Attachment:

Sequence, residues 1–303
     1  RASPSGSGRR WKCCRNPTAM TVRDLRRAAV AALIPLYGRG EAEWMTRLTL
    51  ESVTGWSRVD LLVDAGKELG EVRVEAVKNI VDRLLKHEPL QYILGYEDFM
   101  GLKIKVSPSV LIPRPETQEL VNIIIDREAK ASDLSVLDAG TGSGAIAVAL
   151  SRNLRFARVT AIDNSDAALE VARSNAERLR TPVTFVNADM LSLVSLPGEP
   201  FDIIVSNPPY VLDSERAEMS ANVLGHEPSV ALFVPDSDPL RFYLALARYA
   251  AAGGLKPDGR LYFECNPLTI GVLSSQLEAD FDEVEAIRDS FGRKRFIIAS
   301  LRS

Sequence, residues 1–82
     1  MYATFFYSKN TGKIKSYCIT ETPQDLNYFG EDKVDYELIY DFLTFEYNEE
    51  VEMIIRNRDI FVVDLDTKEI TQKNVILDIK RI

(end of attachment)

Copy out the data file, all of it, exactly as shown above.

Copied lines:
Sequence, residues 1–303
     1  RASPSGSGRR WKCCRNPTAM TVRDLRRAAV AALIPLYGRG EAEWMTRLTL
    51  ESVTGWSRVD LLVDAGKELG EVRVEAVKNI VDRLLKHEPL QYILGYEDFM
   101  GLKIKVSPSV LIPRPETQEL VNIIIDREAK ASDLSVLDAG TGSGAIAVAL
   151  SRNLRFARVT AIDNSDAALE VARSNAERLR TPVTFVNADM LSLVSLPGEP
   201  FDIIVSNPPY VLDSERAEMS ANVLGHEPSV ALFVPDSDPL RFYLALARYA
   251  AAGGLKPDGR LYFECNPLTI GVLSSQLEAD FDEVEAIRDS FGRKRFIIAS
   301  LRS

Sequence, residues 1–82
     1  MYATFFYSKN TGKIKSYCIT ETPQDLNYFG EDKVDYELIY DFLTFEYNEE
    51  VEMIIRNRDI FVVDLDTKEI TQKNVILDIK RI